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Gragg v. Thoron

United States District Court, C.D. Illinois, Springfield Division

March 12, 2015

MICHAEL W. GRAGG, TRACEY M. GRAGG, Plaintiffs,
v.
JASON THORON, DIANA JOHNSON, SHARON BARNES, Defendants.

OPINION

SUE E. MYERSCOUGH, District Judge.

Before the Court are Defendant Sharon Barnes's Motion to Dismiss (d/e 18) and Defendants Diana Johnson and Jason Thoron's Motion to Dismiss (d/e 21). Because these Defendants cannot be sued individually under the Rehabilitation Act, their Motions to Dismiss are GRANTED.

In their complaint, the Plaintiffs, Michael and Tracey Gragg, state that Michael Gragg is blind and that Tracey Gragg has mental disabilities. See Second Amended Complaint, d/e 9. The Graggs allege that the Defendants, who all work in some capacity at ITT Technical Institute ("ITT Tech"), failed to accommodate the Graggs' disabilities when the Graggs enrolled for classes at ITT Tech. The Graggs sued, bringing several claims against the Defendants for violations of Section 504 of the Rehabilitation Act. The Defendants now move to dismiss the Graggs' complaint under Federal Rule of Civil Procedure 12(b)(6) because the Defendants cannot be held liable under Section 504 of the Rehabilitation Act.

Dismissal under Rule 12(b)(6) is proper if a complaint does not "contain sufficient factual matter, accepted as true, to state a claim to relief that is plausible on its face.'" Ashcroft v. Iqbal , 556 U.S. 662, 678 (2009) (quoting Bell Atl. Corp. v. Twombly , 550 U.S. 544, 570 (2007)). In determining whether a complaint can survive a motion to dismiss, the Court can consider "the allegations that are contained in [the complaint] and all reasonable inferences drawn from [the complaint] in favor of the nonmovant." Dausch v. Rykse , 52 F.3d 1425, 1428 (7th Cir. 1994).

The Court concludes that the Graggs cannot state a claim for relief against the Defendants under Section 504 of the Rehabilitation Act. Section 504 states that "[n]o otherwise qualified individual with a disability... shall, solely by reason of her or his disability, be excluded from the participation in, be denied the benefits of, or be subjected to discrimination under any program or activity receiving Federal financial assistance." 29 U.S.C. ยง 794. Only actual recipients of federal funds can be sued under Section 504. See Grzan v. Charter Hosp. of Nw. Indiana , 104 F.3d 116, 118 (7th Cir. 1997) (citing United States Dept. of Transp. v. Paralyzed Veterans of America , 477 U.S. 597, 605 (1986)), abrogated on other grounds by Olmstead v. L.C. , 527 U.S. 581 (1999). It is possible that ITT Tech receives federal assistance-though the Graggs do not allege as much-but even if it does, the Defendants would not be liable under Section 504 because "[e]mployees of the recipients of federal financial assistance are not in themselves the recipients of such assistance." See id.; see also Dent v. City of Chicago, No. 02 C 6604, 2003 WL 21801163, at *1 (N.D. Ill. Aug. 1, 2003) ("[T]he law is well-settled that there is no individual liability under Title VII, the ADA, the Rehabilitation Act, and the ADEA."). Therefore, the Graggs cannot state a claim against the Defendants under Section 504 of the Rehabilitation Act.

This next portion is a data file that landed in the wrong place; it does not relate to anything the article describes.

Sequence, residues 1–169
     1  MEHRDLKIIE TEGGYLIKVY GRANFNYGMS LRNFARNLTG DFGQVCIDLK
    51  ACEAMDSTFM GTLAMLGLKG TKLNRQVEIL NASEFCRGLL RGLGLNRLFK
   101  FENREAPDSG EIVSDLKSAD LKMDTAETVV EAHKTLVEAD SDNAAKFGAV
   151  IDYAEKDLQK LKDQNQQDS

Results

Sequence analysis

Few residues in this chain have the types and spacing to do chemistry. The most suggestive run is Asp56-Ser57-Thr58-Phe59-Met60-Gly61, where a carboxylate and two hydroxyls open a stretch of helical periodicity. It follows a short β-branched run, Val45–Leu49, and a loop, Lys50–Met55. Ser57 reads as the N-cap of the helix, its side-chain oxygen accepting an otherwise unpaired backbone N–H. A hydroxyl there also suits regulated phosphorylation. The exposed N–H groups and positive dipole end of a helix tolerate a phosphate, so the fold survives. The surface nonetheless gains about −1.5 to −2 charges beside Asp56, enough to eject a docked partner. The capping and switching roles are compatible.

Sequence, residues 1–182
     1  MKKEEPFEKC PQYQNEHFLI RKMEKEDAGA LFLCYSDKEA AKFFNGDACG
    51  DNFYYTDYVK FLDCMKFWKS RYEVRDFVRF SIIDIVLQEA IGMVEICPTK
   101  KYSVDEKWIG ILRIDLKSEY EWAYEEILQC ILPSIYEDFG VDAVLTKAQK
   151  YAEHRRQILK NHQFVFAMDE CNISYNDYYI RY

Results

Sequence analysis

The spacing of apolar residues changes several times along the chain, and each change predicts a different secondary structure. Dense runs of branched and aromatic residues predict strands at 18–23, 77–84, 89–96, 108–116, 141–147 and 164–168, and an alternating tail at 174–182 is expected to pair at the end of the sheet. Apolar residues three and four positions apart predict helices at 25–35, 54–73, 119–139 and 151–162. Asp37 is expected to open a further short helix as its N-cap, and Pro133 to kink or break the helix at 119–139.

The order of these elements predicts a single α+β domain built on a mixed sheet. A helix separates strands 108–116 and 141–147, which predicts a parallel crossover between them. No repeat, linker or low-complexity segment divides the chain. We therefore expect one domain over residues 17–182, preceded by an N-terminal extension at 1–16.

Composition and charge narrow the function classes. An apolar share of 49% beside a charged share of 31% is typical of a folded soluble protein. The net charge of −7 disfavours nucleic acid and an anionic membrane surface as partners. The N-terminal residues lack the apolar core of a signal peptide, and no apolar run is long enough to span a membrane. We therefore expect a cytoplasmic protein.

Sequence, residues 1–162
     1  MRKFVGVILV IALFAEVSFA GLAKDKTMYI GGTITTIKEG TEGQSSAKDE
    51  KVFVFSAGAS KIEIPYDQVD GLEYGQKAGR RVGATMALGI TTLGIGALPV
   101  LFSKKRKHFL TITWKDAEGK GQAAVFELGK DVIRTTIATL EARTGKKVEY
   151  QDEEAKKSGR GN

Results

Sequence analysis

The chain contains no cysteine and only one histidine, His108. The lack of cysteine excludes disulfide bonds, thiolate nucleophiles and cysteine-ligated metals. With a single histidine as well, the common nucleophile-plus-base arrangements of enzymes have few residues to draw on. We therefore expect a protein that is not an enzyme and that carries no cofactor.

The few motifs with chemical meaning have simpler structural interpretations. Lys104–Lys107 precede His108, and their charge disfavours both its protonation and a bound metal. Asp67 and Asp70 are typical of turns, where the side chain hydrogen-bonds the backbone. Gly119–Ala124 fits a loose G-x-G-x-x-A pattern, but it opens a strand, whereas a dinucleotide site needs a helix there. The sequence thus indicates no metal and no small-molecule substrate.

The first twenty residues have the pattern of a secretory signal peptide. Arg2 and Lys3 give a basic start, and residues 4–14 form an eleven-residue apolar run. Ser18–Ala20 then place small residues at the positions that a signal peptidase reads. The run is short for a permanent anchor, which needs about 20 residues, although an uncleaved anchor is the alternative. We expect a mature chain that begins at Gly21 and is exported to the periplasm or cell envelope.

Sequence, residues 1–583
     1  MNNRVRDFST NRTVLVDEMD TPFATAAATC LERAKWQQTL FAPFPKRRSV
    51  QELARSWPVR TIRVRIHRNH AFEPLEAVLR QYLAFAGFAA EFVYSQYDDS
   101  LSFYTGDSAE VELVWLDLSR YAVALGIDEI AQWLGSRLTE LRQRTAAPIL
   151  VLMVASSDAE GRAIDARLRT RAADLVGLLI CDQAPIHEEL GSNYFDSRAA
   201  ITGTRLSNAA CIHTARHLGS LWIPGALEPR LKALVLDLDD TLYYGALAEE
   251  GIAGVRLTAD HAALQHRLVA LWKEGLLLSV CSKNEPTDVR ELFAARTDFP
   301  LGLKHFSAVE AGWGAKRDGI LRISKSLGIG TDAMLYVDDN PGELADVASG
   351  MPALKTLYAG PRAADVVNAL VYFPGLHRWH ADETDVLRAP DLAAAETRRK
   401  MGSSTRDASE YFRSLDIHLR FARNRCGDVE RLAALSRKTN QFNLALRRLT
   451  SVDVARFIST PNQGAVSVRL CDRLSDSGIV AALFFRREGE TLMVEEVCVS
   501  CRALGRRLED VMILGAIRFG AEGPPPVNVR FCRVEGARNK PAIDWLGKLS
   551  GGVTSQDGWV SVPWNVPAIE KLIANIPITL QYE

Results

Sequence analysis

For that reason, the Defendants' Motions to Dismiss (d/e 18, 21) are GRANTED. The Graggs' Second Amended Complaint (d/e 9) is DISMISSED, and Defendants Jason Thoron, Diana Johnson, and Sharon Barnes are TERMINATED from this case. The Graggs may file an amended complaint excluding these Defendants and instead bringing their claims against ITT Tech by March 27, 2015. The Court notes, however, that the Graggs may only bring Section 504 claims against ITT Tech if they can establish that ITT Tech is a recipient of federal funds. If the Graggs do not file an amended complaint by March 27, this case will be closed.


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